John Elle's AMC front spring perch bushing fix

One of the things that's unobtainable for AMC cars (small chassis, 69 up) is the rubber-bushed spring perch, and they all go bad. Luckily, John Elle worked out a replacement using urethane bushings. It assumes the metal parts are OK, but they usually are. This fix seems to be well accepted.

I did this fix on my 1970 Hornet project car; to the right is a partially-assembled version, and here the assembly can be seen. It had 40,000 miles on it when I sold the car, with no problems to that time.

What follows is an emailed description of the fix.

From: "Todd & Kari Jesme" 
Subject: Re: Spring seat bushings...
Date: Sun, 18 Jan 2004 18:17:23 -0600

below is a message John Elle sent me a couple years ago.  I followed his
instructions and it worked out perfect, as planned.

Todd Jesme

"Todd, If you look at the lower spring mount it mounts on the
upper control arm by two bolts. The spindle is what is bolted
to the upper control arm and it goes through the lower spring
mount encased in rubber. If it is bad you will have to replace
or repair it. It is made of unobtainium. I have seen them metal
to metal as the rubber has died.

If  you call up Performance Suspension Components on 3001
N. 35th Ave.  Phoenix Arizona 85017. Info 602-272-4085  or Order:
1-800-572-3768 and ask for Spring bushing #ENE2048G  you can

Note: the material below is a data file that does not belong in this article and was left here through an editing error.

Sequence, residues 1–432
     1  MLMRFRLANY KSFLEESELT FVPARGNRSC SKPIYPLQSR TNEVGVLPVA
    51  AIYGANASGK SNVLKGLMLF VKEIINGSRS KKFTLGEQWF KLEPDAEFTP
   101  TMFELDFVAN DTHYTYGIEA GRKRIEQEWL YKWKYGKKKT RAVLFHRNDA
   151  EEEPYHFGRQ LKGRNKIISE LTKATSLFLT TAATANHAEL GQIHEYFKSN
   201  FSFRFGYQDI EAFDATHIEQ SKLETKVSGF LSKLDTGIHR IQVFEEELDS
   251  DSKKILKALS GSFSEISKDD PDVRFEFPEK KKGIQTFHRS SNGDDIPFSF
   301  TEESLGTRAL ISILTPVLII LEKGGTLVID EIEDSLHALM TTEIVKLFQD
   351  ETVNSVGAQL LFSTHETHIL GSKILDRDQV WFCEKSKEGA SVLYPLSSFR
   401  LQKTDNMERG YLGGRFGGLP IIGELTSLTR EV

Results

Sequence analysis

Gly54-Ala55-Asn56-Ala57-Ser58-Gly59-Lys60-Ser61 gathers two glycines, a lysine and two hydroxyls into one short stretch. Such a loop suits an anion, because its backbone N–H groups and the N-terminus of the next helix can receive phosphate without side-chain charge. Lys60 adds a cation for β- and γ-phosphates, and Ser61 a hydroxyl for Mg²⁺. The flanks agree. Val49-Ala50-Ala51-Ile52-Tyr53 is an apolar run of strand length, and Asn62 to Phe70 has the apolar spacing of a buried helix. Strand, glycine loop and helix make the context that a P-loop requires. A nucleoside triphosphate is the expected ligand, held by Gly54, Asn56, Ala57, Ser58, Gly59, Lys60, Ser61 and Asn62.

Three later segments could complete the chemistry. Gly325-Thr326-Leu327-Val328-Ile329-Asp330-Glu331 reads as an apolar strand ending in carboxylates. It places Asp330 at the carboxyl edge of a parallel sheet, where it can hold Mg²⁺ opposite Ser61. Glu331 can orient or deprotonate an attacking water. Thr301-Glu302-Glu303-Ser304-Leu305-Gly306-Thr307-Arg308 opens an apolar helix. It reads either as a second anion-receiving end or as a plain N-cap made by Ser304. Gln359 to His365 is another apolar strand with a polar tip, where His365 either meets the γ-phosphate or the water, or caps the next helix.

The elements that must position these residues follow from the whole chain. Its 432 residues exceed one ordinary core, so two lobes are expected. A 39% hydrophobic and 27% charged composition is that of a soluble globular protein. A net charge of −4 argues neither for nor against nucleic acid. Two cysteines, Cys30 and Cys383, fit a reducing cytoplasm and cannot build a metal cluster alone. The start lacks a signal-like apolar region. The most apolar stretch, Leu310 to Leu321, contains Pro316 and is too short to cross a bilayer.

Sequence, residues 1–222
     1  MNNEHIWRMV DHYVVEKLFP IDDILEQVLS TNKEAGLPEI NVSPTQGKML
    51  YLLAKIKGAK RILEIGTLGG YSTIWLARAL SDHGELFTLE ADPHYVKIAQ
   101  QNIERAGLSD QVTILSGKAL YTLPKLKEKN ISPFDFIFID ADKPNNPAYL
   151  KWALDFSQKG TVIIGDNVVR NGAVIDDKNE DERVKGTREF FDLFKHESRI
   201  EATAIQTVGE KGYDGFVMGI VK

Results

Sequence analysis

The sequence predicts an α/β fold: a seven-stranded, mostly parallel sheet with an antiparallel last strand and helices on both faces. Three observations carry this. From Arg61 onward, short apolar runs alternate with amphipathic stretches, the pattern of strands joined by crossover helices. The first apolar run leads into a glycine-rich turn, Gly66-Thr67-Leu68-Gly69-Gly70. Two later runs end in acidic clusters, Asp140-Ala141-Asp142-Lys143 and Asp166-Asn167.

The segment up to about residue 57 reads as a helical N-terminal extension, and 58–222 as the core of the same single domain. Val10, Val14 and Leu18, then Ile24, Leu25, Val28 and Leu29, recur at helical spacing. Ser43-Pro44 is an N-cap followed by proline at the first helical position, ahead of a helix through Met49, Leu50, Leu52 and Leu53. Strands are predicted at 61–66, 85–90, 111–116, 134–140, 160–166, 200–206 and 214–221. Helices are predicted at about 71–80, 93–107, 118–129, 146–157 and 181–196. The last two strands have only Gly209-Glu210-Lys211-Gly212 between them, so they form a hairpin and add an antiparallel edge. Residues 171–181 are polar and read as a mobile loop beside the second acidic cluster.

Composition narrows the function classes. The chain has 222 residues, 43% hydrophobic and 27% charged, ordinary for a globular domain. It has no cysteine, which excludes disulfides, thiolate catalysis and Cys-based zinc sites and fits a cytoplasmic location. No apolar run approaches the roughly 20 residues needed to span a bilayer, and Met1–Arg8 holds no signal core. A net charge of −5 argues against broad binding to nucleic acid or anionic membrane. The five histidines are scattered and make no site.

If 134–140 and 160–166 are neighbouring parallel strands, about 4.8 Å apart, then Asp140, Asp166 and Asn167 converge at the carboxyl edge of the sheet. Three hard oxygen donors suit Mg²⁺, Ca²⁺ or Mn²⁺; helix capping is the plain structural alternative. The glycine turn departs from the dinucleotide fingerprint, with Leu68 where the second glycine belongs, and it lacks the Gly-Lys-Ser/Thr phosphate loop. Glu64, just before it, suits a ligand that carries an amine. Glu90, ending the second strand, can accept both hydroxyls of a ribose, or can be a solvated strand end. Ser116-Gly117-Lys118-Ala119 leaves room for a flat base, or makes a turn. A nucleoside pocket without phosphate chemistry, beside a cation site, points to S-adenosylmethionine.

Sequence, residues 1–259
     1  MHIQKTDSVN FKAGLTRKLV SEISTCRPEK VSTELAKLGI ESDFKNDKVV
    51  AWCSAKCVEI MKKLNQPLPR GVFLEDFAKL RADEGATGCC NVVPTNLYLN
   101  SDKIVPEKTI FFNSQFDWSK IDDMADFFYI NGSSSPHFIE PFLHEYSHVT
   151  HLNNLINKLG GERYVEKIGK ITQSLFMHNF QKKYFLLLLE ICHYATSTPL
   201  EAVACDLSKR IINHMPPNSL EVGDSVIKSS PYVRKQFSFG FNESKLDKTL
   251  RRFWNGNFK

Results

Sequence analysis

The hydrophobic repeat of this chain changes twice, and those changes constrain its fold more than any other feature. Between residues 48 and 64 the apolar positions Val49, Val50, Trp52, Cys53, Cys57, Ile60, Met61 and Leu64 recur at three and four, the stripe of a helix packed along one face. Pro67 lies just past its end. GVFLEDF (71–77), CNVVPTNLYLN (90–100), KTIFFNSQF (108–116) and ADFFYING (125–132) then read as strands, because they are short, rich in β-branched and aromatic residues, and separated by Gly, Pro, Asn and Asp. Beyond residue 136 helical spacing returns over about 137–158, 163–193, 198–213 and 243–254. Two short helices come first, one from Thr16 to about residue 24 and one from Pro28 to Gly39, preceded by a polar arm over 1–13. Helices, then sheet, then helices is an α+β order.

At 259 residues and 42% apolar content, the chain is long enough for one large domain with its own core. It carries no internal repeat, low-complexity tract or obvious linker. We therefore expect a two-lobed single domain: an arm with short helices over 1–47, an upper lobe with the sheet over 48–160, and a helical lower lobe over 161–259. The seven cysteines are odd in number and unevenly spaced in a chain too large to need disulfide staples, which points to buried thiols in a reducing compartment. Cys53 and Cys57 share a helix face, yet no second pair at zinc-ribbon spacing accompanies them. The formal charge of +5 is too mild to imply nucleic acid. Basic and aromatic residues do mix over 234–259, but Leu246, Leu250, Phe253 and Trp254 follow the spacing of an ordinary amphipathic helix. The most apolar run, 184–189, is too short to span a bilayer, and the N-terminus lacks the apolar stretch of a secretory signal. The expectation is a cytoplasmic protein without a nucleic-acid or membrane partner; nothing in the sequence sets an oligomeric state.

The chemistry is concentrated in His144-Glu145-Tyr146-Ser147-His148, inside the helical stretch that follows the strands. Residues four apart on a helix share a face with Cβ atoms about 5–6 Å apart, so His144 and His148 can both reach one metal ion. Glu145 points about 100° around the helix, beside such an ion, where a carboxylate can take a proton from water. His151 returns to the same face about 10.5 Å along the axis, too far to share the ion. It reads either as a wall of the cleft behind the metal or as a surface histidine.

get a Polyurethane bushing that will work. Order 2 per side for
a total of 4 to be used on the front end of the car. They will
cost about $1.75 per/bushing for a total of $6.80 per/front end
plus tax (if applicable) and shipping.To install them you must
remove the spindle assembly by pressing out the to mounting
bolts and then press the spindle through the existing rubber
bushing and clean out all of the old dead rubber and install the
replacement bushings on each side and press the spindle back
in and install the mounting bolts. It will go together easier
than it comes apart. It will drop into the upper arm and the
shoulder of the new bushings will fit down inside the cavity of
the control arm to insure that these parts will not walk out of
place. This works out real well for me and I think that it will
for anyone else.  Make sure that you used the lubricant that
comes with these things as it is really slippery and icky as
hell but it does help prevent squeaks.  While you have them on
the line also ask for the generic polyurethane ball joint dust
shields and the dust shields to use on the tie rod ends etc.
They will last forever if you use them instead of the dust
shields that come with your rebuild pieces. I have had all of
the ball joint dust shield fail inside of a year. I never had
that happen with OEM pieces but sure as toot'in, I am not going
to have it happen again. I just found out about these pieces
about a year ago.  Good luck John T Elle"